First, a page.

1FILE - In this March 12, 2009 file photo, Rex W. Tillerson, Chairman and
Chief Executive Officer of Exxon Mobil, listens as President Barack Obama,
not pictured, addresses Business Roundtable, an association of chief
executive officers of leading U.S. companies, at a hotel in Washington.
Tillerson said Wednesday, March 9, 2011, he doesn't think the recent jump in
oil prices is hurting the U.S. economy just yet. But it's getting close.(AP
Photo/Charles Dharapak, file)
Chris Kahn, AP Energy Writer, On Wednesday March 9, 2011, 6:11 pm EST
NEW YORK (AP) -- Exxon Mobil CEO Rex Tillerson said Wednesday he doesn't
think the recent jump in oil prices is hurting the U.S. economy -- at least,
The head of the world's largest publicly traded oil company said that in
2008, when oil surged to near $150 per barrel, Americans didn't change their
driving and spending habits until gasoline prices topped $4 per gallon. Gas
peaked at $4.11 in July of that year.
"I don't know if that tip-over is still at the same $4 level or not,"
Tillerson told reporters at the New York Stock Exchange. "We'll see."
Oil is now about $104 per barrel after rising more than 20 percent over
three weeks because of civil unrest in Libya. Tillerson hasn't seen any
reduction in the demand for fuel from consumers or businesses.
The national average for gas has increased 40 cents to $3.52 per gallon at
the same time.
Drivers on the West Coast are already paying close to $4, however, and
prices are expected to rise through spring and summer.
At $4, gas "creates some real challenges" for average American families and
their household budgets. When gasoline rises above that, it's a "significant
emotional event for a lot of people," he said.
"Even if you're paying $50 a month (for gas), $50 a month is significant for
the way they have to manage their income."
Tillerson remembered that in 2008, Americans switched to taking the bus or
joining community carpools to save on gas costs.
Tom Kloza, publisher and chief oil analyst at Oil Price Information Service,
said Americans forced to live paycheck to paycheck are already cutting back
on driving, Kloza said. That's not just in states like California, where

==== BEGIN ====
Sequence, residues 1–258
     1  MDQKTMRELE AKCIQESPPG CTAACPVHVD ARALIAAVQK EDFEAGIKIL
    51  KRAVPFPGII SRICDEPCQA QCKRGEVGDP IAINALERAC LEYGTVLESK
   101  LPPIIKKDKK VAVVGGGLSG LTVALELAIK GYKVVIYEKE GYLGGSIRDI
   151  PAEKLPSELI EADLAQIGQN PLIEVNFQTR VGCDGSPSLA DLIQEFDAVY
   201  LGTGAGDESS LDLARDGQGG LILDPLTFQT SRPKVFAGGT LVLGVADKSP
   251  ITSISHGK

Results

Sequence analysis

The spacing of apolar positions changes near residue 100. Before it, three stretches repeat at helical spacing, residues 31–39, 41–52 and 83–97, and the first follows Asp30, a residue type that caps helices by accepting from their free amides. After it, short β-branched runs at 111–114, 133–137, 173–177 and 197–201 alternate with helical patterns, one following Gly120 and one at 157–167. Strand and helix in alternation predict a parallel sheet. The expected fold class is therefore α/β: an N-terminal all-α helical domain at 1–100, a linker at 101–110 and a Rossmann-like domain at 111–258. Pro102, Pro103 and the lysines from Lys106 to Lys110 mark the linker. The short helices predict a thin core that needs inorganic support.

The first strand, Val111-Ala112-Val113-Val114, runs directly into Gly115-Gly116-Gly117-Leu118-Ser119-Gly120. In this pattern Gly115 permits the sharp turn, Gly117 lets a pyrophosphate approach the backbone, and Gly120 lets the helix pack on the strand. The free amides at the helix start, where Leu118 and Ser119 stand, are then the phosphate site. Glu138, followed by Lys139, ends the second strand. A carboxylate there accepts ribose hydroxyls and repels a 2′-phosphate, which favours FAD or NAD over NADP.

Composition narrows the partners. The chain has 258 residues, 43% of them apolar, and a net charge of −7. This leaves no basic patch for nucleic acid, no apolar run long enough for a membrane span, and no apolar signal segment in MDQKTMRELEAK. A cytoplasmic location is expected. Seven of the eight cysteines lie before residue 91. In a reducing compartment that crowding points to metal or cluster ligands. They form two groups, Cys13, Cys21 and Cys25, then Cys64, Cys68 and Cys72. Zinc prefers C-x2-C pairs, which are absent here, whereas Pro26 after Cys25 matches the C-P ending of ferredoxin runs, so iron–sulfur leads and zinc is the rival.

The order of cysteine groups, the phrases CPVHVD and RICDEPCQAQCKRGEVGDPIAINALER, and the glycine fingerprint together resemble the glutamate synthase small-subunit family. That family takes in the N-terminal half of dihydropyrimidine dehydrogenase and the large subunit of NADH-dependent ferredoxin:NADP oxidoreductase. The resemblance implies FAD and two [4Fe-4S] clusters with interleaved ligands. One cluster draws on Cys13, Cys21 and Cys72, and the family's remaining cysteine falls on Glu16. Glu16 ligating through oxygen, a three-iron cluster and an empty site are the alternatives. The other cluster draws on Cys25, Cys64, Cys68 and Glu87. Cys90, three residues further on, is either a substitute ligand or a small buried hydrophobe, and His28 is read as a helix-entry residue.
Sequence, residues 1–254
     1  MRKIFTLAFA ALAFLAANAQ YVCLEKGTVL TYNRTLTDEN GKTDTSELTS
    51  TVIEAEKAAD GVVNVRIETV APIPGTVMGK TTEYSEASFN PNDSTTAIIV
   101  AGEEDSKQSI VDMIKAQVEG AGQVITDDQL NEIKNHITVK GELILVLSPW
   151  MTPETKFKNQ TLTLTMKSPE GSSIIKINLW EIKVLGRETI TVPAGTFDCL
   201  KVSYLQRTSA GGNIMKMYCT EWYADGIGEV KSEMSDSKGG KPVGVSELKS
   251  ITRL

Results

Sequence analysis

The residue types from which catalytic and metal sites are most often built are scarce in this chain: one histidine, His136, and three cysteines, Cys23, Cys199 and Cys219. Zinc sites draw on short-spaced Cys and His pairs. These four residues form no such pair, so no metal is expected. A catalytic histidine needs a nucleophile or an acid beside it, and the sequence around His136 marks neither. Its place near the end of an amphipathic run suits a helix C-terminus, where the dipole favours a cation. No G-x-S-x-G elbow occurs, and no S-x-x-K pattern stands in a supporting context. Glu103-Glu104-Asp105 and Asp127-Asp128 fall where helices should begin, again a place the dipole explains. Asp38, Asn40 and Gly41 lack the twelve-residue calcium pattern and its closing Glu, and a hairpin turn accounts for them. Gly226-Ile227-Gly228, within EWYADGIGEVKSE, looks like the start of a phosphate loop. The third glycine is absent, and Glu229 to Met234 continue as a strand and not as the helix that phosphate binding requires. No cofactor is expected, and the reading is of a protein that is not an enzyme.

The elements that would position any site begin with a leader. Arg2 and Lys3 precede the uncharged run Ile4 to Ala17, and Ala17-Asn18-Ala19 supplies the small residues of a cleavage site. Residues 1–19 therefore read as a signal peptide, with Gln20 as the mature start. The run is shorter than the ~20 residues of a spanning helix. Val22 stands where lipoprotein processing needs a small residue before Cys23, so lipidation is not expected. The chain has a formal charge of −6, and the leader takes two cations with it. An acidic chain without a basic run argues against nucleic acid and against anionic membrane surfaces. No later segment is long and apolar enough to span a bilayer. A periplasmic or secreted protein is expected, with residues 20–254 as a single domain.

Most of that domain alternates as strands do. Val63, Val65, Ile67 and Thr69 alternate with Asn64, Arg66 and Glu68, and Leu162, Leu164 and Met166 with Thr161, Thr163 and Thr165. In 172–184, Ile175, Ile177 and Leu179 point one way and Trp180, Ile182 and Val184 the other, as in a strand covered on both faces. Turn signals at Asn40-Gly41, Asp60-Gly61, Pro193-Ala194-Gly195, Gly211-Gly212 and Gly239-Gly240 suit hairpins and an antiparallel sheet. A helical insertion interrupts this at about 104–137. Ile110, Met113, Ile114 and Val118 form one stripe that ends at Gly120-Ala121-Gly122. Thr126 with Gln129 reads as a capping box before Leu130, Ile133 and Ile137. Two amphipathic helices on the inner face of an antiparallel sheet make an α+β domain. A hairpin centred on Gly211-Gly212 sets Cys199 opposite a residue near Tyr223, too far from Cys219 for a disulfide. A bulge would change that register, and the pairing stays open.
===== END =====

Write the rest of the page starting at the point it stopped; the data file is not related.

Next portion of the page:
gasoline is already above $3.90 per gallon.
The difference between now and 2008 is that many motorists remember getting
burned by high pump prices, Kloza said. They'll conserve now with the
expectation that gasoline will hit record levels this year.
"I think they're wrong to assume it'll get that high," he said. Kloza has
predicted the national average would peak at $3.75.
Output in Libya, which is a member of OPEC, has dropped significantly as
rebels battle the government of Moammar Gadhafi for control of the country.
Analysts are concerned the unrest could spread to bigger producers in the
region like Saudi Arabia.
Tillerson pinned the rise in oil prices on the perception of future
shortages rather than actual problems. He said traders are pricing in a "
risk premium" to account for Libya's political situation. Oil executives in
both Saudi Arabia and the U.S. have made similar statements.
At an energy conference in Houston, Youcef Yousfi, the Algerian Minister of
Energy and Mines, said, "There is no shortage of oil in the market."
"When people see that the supply is at a normal level, the price will go
down," he said.
Tillerson said Exxon Mobil Corp. was recently forced to stop buying Libyan
oil because of U.S.-imposed sanctions, yet the company didn't have trouble
finding other sources of crude.
"And we're unaware of anyone who is having difficulties."
Earlier, the CEO told Wall Street analysts that Exxon would spend nearly $
100 million per day over the next five years on capital investments, mostly
devoted to oil and natural gas production. Capital spending will range
between $33 billion and $37 billion annually between 2011 and 2015, he said.
At those levels, Exxon's oil and natural gas volumes should grow between 4
and 5 percent until 2014.
Another major disruption in global supplies could still send prices leaping
higher. But so far, "I'm not concerned about the ability of producers to
meet the market's demand."
AP Energy Writer Jonathan Fahey contributed to this report from Houston.